A feast for the eyes!

Mother Earth is such a strange and wondrous dame.

GUYS, we need to talk about the VMAs. Missy Elliot took home her long overdue Video Vanguard award, and delivered a blazer of a performance in her undeniable style and with a bunch of throwbacks.

And yes, LIZZO ALERT. She’s a great performer live, but this is easily her best so far. It’s a sermon of self-love and acceptance and I am here for it!

Two music profiles dropped this week, one on Harry Styles and one on Taylor Swift, and both are masterful versions of the craft.


How does an industry navigate a crisis of conscious and purpose? On a cult-like meditation campus, apparently. Honestly, the piece is really interesting and raises good questions, but doesn’t do much to convince me that the people who created the problems we’re going to face in the third decade of the 21st century are the right people to fix ’em.

An aesthetic!

Speaking of cult-like meditation! The Atlantic had another fire week and I’ve got three pieces to share starting with this reported piece on GOOP, Gwyneth Paltrow’s wellness empire and what she’s really selling.

Then a pivot to the traditional male space with a piece on Andrew Luck announcing his retirement from professional American Football because, to put it mildly, it’s broken his body. The negative response from “fans” was horrible to watch and betrayed the almost gladiatorial perspective American’s have of their sports figures. Our hostility to their personhood (whether it’s political opinion or pain) or the willingness to turn a blind eye (especially to domestic abuse and sexual violence) are two sides of the same coin: we don’t care as long as we are entertained. The players seem to be pushing to change this more quickly than the viewing public is willing to accept.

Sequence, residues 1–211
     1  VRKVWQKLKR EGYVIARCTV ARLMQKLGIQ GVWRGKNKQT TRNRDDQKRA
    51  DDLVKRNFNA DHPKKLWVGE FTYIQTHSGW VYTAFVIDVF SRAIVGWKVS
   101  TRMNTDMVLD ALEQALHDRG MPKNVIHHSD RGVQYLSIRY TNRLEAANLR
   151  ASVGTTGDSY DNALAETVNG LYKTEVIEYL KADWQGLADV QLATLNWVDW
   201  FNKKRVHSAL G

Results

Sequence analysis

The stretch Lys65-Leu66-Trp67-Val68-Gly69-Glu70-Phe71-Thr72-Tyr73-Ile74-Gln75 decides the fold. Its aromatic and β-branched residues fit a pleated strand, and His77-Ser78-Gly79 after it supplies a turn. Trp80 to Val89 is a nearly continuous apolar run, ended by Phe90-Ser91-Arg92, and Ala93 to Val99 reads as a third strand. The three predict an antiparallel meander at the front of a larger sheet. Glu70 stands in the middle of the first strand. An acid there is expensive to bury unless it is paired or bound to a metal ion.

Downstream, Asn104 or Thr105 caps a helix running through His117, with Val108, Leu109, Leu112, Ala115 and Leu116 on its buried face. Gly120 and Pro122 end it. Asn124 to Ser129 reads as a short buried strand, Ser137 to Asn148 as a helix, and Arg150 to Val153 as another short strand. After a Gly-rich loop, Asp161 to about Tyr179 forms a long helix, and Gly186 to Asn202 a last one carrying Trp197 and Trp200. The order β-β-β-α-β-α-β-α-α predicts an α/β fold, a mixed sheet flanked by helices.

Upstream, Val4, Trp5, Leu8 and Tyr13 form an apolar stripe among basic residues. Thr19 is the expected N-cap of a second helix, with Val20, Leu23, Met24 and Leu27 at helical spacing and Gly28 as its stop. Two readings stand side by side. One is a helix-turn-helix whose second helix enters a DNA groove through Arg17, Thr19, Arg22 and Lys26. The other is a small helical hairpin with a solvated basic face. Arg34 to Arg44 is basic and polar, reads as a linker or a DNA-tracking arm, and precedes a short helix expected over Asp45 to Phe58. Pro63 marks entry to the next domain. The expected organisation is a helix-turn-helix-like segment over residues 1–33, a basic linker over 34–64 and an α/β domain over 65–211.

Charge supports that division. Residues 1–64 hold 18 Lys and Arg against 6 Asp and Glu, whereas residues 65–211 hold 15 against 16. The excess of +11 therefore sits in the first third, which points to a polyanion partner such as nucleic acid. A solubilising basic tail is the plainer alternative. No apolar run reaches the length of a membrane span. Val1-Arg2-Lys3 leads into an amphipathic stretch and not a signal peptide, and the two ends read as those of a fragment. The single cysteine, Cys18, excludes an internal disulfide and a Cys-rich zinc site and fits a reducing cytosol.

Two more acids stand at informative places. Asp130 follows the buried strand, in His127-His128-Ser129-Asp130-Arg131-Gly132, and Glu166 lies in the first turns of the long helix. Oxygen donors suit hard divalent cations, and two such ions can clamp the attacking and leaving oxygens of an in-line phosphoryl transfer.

Finally, this piece. Because I’m not anxious enough already. Also this.

ETA: ANOTHER Atlantic piece because General Mattis breaks his silence and while I still have a lot of issues and disagreements with him, I also retain a very real respect in some key areas.

I fell in love with Gabriela Hearst when I first saw this handbag many years ago. Of course I did: it’s un-get-able. That love as continued. She dresses who I want to be when I grow up.

I spend a lot of time thinking about the Tea Party and what’s happened since.

We’re doomed.

Is the purpose of business changing? The Business Roundtable updated their own definitions this week to include the statement that businesses have more stakeholders (including communities) that just shareholders. As you might have guessed, everyone seems made about it from capitalism “purists” to revolutionaries.